Cant seem to figure this problem out

Thread Starter

suushi

Joined Apr 26, 2017
11
Stuck on the first part. I understand that if its a 0 there will be no output signal and if there is a 1 there will be one but not sure how the mosfet will affect the output at both TPA and TPB.
At H(4) the out put will be a NAND'd TPA and TPB.
Any help would be appreciated
 

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#12

Joined Nov 30, 2010
18,223
There are no mosfets in your drawing.
You could google, "common emitter" or , "common emitter amplifier" to see what happens.
 

Thread Starter

suushi

Joined Apr 26, 2017
11
You're right. Transistor* So, it should amply the signal when passed through. The signal should be the same but amplified.
 

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Thread Starter

suushi

Joined Apr 26, 2017
11
Ok. This is my attempt at the problem. It seems like S0(1) is a NAND of TPA. And for S0(3) i tried to NAND TPA and TPB as best I could. However if I was wrong about the transistor just amplify the signal then the rest would be incorrect.
 

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WBahn

Joined Mar 31, 2012
26,398
Stuck on the first part. I understand that if its a 0 there will be no output signal and if there is a 1 there will be one but not sure how the mosfet will affect the output at both TPA and TPB.
At H(4) the out put will be a NAND'd TPA and TPB.
Any help would be appreciated
How can the signal at H(4) be affected by TPA?
 

WBahn

Joined Mar 31, 2012
26,398
Stuck on the first part. I understand that if its a 0 there will be no output signal and if there is a 1 there will be one but not sure how the mosfet will affect the output at both TPA and TPB.
At H(4) the out put will be a NAND'd TPA and TPB.
Any help would be appreciated
The transistor appears to be intended to act as a switch; it depends on the exact input voltage, but the implication is that the inputs are either HI (something close to 5 V) or LO (something close to 0 V).
 

dl324

Joined Mar 30, 2015
13,820
However if I was wrong about the transistor just amplify the signal then the rest would be incorrect.
Do the TPA or TPB signals look correct?

Take a look at the simpler case for TPB. When G is 5V, what is the voltage on the collector of that transistor?
 

WBahn

Joined Mar 31, 2012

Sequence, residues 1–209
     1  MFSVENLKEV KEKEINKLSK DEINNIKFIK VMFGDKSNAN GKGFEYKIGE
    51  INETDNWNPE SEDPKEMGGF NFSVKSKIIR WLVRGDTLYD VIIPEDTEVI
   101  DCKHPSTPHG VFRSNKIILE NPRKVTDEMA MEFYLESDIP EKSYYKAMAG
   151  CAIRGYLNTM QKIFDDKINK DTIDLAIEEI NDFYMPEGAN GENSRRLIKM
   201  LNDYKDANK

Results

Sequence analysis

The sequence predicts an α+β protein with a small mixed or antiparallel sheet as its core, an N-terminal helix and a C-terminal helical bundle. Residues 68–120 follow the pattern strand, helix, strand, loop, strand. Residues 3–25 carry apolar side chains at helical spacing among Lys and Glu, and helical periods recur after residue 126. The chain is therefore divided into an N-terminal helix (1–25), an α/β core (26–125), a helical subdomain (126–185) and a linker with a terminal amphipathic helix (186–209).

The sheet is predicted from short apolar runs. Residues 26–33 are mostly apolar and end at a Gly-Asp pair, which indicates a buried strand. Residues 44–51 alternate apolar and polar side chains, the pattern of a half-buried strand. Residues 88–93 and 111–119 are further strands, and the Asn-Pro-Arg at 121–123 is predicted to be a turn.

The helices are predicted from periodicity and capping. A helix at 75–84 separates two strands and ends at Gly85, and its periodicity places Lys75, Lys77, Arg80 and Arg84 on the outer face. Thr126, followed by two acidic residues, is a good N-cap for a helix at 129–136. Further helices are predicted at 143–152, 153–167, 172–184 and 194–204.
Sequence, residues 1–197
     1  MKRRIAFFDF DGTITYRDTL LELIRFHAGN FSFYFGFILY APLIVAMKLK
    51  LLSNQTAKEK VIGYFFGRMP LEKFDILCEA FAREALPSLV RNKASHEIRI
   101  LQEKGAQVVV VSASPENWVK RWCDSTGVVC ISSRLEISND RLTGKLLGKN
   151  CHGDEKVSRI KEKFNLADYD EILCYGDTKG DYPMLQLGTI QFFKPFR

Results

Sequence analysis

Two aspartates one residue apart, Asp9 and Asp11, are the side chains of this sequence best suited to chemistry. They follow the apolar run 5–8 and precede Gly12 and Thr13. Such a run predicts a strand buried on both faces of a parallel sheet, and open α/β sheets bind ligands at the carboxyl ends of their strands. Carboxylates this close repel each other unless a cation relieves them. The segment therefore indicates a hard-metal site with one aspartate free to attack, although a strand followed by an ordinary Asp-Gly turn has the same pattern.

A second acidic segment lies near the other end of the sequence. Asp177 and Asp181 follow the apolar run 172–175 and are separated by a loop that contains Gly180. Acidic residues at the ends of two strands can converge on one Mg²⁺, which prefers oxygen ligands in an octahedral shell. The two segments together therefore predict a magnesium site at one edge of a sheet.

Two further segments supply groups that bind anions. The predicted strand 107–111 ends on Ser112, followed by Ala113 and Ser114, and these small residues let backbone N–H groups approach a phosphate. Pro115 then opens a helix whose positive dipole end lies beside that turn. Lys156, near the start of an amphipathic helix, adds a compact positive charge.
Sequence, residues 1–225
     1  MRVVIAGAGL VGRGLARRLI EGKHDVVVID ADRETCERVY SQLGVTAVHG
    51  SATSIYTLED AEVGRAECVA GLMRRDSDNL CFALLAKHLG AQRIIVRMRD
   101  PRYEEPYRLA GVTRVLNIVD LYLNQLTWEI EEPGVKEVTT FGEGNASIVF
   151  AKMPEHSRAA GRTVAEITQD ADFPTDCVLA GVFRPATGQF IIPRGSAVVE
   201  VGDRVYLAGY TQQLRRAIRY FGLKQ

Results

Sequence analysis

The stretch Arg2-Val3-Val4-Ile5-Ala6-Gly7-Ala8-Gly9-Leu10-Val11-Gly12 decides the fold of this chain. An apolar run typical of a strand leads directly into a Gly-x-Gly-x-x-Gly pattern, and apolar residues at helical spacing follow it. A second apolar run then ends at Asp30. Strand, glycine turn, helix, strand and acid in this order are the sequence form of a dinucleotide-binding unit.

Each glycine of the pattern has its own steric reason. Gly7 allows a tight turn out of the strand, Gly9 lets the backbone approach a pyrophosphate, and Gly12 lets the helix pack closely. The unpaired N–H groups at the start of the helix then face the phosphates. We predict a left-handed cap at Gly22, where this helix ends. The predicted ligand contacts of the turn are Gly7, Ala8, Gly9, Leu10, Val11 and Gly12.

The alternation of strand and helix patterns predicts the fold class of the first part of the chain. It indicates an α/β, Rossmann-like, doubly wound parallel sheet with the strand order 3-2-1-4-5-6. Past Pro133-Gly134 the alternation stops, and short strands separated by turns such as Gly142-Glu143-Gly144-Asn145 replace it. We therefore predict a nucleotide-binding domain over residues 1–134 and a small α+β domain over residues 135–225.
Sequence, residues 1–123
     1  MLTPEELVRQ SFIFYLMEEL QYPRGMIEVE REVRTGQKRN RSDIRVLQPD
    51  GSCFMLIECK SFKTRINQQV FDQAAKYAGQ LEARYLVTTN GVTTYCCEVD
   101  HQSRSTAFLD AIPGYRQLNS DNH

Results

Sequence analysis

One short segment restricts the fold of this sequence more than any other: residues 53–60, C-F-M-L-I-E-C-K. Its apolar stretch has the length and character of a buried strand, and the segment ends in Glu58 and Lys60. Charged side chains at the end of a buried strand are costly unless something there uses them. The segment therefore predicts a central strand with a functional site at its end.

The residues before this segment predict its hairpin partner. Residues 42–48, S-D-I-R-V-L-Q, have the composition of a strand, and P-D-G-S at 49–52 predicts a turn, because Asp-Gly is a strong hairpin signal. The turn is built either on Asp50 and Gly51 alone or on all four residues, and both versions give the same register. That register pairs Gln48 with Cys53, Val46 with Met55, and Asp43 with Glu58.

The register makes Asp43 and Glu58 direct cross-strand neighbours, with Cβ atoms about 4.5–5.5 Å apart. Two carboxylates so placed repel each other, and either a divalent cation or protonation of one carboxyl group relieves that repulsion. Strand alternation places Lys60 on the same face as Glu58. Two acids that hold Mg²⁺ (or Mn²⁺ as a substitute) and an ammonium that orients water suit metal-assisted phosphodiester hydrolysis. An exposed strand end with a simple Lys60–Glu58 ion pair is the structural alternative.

26,398
I dont think it would affect the problem.
Why not? What if it is a 464 V battery? That would sure affect the problem!

It's a very fair question, but in the face of no answer, we have to either declare the problem unsolvable or make reasonable assumptions, such as that it is a resistor of an appropriate size so that the circuit behaves the way we expect it to behave. Not the best way to go, but sometimes ya gotta do what ya gotta do.
 

Thread Starter

suushi

Joined Apr 26, 2017
11
Do the TPA or TPB signals look correct?

Take a look at the simpler case for TPB. When G is 5V, what is the voltage on the collector of that transistor?
I've reworked tpa and tpb, and the rest of the problem. I think the signal 5 and 6 at tpa and tpb are just delayed
 

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WBahn

Joined Mar 31, 2012
26,398
If SIG is LO, what is TPA?

If SIG is HI, what is TPA?

Don't handwave it. If SIG is LO, is the transistor switch open or closed? If the transistor switch is open, what is TPA? If the transistor switch is closed, what is TPA?
 

dl324

Joined Mar 30, 2015
13,820
I've reworked tpa and tpb, and the rest of the problem. I think the signal 5 and 6 at tpa and tpb are just delayed
That isn't what you drew. What is the relationship between signals SIG and TPA?

It would be helpful if you used more appropriate image sizes. Cropped image:
upload_2017-4-26_14-44-47.png
 

Thread Starter

suushi

Joined Apr 26, 2017
11
If SIG is LO, what is TPA?

If SIG is HI, what is TPA?

Don't handwave it. If SIG is LO, is the transistor switch open or closed? If the transistor switch is open, what is TPA? If the transistor switch is closed, what is TPA?
If sig is low it would be 0 or off if sig is HI tpa would be same as SIG
 

WBahn

Joined Mar 31, 2012
26,398
So if SIG is LO and the transistor switch is OFF (open), you have TPA tied to 5 V through a resistor that has no current flowing in it. Is TPA at a high voltage or a low voltage?
 
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